Communal pizza ovens in underserved neighborhoods?
That’s the idea behind TIPizza, a project of the Trade Institute of Pittsburgh that aims to build pizza ovens in Western Pa. communities while creating employment for the training program’s graduates and opportunities for local entrepreneurs. (The nonprofit offers training in masonry and other construction skills primarily to people who have just been released from prison.)
The inspiration for the community ovens can be traced to Braddock, where TIP helped construct one that was completed last year.
“You can do so much in a training context,” said Kit Mueller, director of strategic and community development for TIP, of the oven’s construction, “but actually having the experience of our students going out there in the real world and working on the project hand-in-hand with community members out there … was really powerful.”
The original community oven in Braddock was started by baker Ray Werner in 2008 “with support from Mayor John Fetterman and the Braddock community,” according to a website for the project. Baker Shauna Kearns coordinates the baking of bread that’s sold at the Braddock Farm Stand, per the site, and residents are able to use the oven during “events like pizza nights and open bakes.”
Mueller said the nonprofit wants to take the model behind the Braddock oven and “do it on a smaller scale for underserved communities to provide healthy food options and community spaces.”
These smaller ovens will be designed with help from Carnegie Mellon’s Urban Design Build Studio, which is part of Project RE_ with TIP and Construction Junction. Together, the groups work on products and prototypes designed and built with reused materials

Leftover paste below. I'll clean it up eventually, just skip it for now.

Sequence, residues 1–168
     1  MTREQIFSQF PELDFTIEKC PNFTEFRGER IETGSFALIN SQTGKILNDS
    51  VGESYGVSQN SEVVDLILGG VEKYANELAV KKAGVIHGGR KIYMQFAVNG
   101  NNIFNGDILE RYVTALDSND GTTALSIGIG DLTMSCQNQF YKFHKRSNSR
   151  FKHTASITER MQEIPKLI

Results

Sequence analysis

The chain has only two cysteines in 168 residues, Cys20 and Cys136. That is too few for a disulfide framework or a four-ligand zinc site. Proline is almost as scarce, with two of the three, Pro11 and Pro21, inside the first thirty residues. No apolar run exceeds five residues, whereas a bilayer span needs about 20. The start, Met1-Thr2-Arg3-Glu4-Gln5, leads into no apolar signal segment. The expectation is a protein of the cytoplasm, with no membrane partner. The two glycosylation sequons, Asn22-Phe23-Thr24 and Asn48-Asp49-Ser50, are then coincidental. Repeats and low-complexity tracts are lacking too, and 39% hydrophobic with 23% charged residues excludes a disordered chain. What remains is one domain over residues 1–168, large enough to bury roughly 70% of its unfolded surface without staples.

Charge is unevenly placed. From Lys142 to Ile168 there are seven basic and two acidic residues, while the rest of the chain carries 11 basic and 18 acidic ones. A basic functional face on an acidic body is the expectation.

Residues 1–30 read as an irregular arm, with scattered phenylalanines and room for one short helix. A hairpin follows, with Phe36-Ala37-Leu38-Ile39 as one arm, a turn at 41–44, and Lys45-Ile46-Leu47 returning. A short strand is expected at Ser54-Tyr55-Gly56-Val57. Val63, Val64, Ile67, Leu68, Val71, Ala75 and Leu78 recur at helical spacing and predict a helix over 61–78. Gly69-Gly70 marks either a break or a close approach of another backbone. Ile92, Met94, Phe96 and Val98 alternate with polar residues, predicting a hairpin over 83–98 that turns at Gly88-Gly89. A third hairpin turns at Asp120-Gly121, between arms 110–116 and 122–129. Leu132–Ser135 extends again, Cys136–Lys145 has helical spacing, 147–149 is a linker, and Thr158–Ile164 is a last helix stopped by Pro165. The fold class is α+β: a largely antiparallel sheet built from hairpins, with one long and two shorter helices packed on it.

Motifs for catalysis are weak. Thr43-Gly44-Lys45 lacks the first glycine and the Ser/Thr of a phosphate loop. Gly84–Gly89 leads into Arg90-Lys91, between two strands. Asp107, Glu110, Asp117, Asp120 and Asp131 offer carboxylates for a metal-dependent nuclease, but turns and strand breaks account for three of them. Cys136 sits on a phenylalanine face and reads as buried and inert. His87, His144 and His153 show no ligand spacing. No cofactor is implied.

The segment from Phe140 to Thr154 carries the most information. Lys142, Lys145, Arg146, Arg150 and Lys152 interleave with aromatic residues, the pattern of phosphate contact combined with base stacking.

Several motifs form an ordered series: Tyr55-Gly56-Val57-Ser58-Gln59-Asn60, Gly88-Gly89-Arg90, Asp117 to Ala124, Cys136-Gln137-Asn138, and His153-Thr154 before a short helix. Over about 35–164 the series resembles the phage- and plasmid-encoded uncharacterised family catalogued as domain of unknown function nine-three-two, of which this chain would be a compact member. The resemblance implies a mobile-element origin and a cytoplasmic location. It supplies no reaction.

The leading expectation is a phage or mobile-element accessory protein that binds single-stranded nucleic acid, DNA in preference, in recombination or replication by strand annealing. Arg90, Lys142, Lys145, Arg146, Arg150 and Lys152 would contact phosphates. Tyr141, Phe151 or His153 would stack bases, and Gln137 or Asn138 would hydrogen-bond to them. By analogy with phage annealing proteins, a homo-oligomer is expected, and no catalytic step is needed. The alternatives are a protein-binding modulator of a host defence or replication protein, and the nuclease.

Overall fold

The Trade Institute of Pittsburgh submitted TIPizza to the UpPrize Social Innovation Challenge, which seeks to reward the best technology and healthy food ideas and projects in Southwestern Pa. Ten finalists will receive up to $10,000 in grant money each, and the winner or winners of the two challenges will receive up to $300,000.
Mueller said TIP came up with the idea for TIPizza before it was submitted to UpPrize for consideration. Winning the money would allow the nonprofit to move forward with hiring one or two of its graduates to build the ovens, he said, and to “advance the partnership” with the Urban Design Build Studio.
There are already plans to build the next oven at the Holy Family Institute, which Mueller said recently “stepped up their entrepreneurial efforts.”
“We are a job training program,” Mueller said, “and we want to start to show the opportunity of entrepreneurship out there.”
These ovens, he added, can be self-sustaining through events like pizza sales and serve as a community space.
“It checks all the boxes of all the things we hope bring benefit to the community.”